Nigeria’s Federal Ministry of Health has directed the National Agency for Food and Drug Administration and Control (NAFDAC) to immediately cease the importation of codeine.
The ban is specifically in respect of codeine as an active pharmaceutical ingredient for cough preparations. The directive is meant to curb an addiction crisis exposed by the BBC in a recent undercover film.
Codeine is a derivative of opium; used as an antitussive (to relieve coughing) and an analgesic (to relieve pain)
I call on all security agencies, lawmakers, judiciary, drug manufacturers, civil society, regulators, teachers, parents, neighbours and YOU to take this as a personal war and halt the menace.
The BBC Pidgin and its Africa eye team put together the documentary titled ‘Sweet sweet codeine,’ highlighting the harmful effects of cough syrup addiction sweeping through especially northern Nigeria.
Whiles telling the story of how young people continue to suffer the addiction, they also exposed how a top pharmaceutical firm was complicit in selling codeine-based cough syrups to especially young people.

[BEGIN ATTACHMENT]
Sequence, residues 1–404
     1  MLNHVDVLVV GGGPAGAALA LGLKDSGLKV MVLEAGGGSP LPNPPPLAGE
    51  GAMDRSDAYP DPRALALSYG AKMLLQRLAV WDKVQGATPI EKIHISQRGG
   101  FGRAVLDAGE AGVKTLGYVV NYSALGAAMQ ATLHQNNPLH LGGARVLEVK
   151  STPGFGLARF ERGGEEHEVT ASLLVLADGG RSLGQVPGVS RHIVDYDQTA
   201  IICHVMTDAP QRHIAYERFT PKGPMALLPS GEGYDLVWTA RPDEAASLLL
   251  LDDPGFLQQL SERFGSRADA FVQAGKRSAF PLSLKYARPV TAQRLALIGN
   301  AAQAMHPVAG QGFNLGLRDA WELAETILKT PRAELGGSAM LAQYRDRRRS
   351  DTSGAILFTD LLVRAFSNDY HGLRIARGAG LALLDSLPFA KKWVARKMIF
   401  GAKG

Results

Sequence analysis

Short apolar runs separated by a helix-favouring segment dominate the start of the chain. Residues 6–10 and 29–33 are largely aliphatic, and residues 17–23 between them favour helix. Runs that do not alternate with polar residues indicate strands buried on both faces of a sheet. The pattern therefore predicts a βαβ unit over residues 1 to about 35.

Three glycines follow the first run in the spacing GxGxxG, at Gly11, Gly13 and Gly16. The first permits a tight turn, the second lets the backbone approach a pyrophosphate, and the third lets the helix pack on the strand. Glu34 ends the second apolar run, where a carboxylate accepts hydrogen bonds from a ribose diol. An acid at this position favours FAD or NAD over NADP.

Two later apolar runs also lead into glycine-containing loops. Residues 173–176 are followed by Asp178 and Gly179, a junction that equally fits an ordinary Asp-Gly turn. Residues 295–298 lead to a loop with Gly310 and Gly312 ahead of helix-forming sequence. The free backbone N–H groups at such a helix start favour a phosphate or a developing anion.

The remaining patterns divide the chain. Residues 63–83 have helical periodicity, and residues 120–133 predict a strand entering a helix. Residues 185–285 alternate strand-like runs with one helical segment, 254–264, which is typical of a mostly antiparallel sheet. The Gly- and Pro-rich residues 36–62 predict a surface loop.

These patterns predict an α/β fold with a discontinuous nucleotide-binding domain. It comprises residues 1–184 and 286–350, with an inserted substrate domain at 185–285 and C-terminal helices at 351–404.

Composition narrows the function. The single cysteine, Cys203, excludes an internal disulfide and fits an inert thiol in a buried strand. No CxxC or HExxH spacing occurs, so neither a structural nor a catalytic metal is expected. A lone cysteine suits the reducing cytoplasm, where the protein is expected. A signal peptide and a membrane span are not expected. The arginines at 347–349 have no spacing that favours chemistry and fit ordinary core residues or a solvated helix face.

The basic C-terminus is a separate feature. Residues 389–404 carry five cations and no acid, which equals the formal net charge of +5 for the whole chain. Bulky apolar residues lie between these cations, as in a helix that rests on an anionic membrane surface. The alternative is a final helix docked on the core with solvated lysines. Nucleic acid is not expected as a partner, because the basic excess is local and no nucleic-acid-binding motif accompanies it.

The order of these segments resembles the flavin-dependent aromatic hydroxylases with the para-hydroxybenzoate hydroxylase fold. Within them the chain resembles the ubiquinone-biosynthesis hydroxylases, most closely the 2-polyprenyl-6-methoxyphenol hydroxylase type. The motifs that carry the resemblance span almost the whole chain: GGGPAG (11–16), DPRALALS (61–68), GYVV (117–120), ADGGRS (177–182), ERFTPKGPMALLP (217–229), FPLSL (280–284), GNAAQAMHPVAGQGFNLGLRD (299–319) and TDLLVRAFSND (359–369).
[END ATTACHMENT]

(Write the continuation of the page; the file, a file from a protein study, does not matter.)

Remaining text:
Social media activists in Africa’s most populous nation have for months now been sounding alarm bells over the situation but the BBC film brought hardcore evidence forcing the authorities to take action.
Wife of the president, Aisha Buhari, waded into the conversation after sharing the BBC’s six-minute clip on her Instagram page.
She wrote: “I have noted with alarm the exponential rise of drug abuse in our country, especially in the north. As a parent, I am deeply saddened by this fact, it is important that we interrupt the trend and encourage our children to stay drug-free.
“I call on all security agencies, lawmakers, judiciary, drug manufacturers, civil society, regulators, teachers, parents, neighbours and YOU to take this as a personal war and halt the menace.”
Nigeria’s drug enforcement agency, the NDLEA, has seized tonnes of codeine destined for the street. pic.twitter.com/f6qiaQ6qed— BBC Africa (@BBCAfrica) May 1, 2018